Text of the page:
Hamas, PA Leaders Refuse to Assist Suffering Syrian Brethren
Palestinian leaders, who court international sympathy by portraying their people as displaced victims of Israel, are refusing to help tens of thousands of their brethren who have been displaced from homes and refugee camps as a result of the civil war plaguing the neighboring country of Syria.
Leaders of both Hamas and the Palestinian Authority have rebuffed requests by the United Nations Relief and Works Agency's (UNRWA) for assistance in stemming the humanitarian crisis in Syria, causing 150,000 Syrian citizens who claim “Palestinian” origins, to remain homeless and “facing freezing temperatures, missiles, bombs and food shortages,” as Paul Alster of Fox News reports.
“[The UNRWA is] the only one taking care of the refugees in Syria, but that’s not just now," Dr. Benedetta Berti, an international policy and security consultant and expert on Middle East affairs, told FoxNews.com. "The Palestinians have always deferred to the international community to provide for them (the refugees) so this is just business as usual."
Hamas Prime Minister Ismael Haniyeh believes that seeking refuge for Palestinians trapped in Syria could undermine his argument for a “Palestinian right of return” to what they deem “occupied Palestine,” or, more accurately, the Jewish homeland in the State of Israel. The same rationale appears be one of the contributing factors to a similar lack of action from Mahmoud Abbas and his Palestinian Authority.
“The apparent unwillingness to lift a finger behind the scenes for fellow Palestinians in need is at odds with the Palestinians' public stance,” Fox News reports, noting that Palestinian Ambassador to the U.N. Riyad Mansour, in a Dec. 19, 2012, letter to the UN Security Council, urged the world to help the Syrian refugees.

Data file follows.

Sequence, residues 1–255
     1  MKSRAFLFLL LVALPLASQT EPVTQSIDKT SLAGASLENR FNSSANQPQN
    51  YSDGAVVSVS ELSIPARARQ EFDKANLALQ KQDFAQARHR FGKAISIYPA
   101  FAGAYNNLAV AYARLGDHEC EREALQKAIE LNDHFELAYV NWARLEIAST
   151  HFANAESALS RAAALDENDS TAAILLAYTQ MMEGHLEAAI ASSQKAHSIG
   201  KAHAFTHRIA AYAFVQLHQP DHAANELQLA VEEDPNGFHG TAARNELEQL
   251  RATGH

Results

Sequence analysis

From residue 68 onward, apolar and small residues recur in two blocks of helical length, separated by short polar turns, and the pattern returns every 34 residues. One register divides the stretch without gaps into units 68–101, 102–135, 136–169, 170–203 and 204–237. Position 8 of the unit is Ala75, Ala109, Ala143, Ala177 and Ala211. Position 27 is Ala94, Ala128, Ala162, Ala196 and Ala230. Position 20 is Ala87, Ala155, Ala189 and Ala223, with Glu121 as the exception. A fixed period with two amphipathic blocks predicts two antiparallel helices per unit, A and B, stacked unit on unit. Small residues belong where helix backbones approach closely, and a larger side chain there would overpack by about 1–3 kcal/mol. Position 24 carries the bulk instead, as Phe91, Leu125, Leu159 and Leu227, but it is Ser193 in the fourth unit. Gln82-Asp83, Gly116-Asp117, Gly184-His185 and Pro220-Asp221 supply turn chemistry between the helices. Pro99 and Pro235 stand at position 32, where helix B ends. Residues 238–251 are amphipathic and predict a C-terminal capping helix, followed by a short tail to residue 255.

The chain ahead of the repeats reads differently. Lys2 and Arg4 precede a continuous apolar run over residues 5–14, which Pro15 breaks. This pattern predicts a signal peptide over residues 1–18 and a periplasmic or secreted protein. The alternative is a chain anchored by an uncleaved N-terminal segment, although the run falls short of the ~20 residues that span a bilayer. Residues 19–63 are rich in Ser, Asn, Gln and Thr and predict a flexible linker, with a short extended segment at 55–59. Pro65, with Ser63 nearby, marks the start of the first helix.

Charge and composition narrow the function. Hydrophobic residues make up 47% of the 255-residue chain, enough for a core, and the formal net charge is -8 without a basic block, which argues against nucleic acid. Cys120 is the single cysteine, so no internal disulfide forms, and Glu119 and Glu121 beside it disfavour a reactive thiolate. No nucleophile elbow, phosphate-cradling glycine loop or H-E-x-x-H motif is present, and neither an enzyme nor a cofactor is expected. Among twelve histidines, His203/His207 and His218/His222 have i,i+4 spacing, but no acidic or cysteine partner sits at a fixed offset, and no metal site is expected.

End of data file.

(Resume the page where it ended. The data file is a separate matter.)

“The growing impact of this crisis on their (the refugees) human security and on the stability of the refugee camps has become of grave concern and compels me, on behalf of the Palestinian leadership, to call for the urgent attention of the international community to this matter,” Mansour wrote.
Israel, on the other hand, has offered to send humanitarian aid to the Syrian people, but has, thus far, been rebuffed.
“A few months ago Israel’s Ministry of Foreign Affairs offered to send humanitarian aid to the Syrian people, asking if it would be accepted through the Red Cross," Ilana Stein, deputy spokesperson at Israel’s Ministry of Foreign Affairs, told Fox. "The Red Cross contacted Syrian opposition representatives, but they said they didn’t want it.”
According to new figures released by the United Nations, at least 60,000 people have been killed in Syria's civil war, with monthly casualty figures steadily increasing since the conflict began almost two years ago.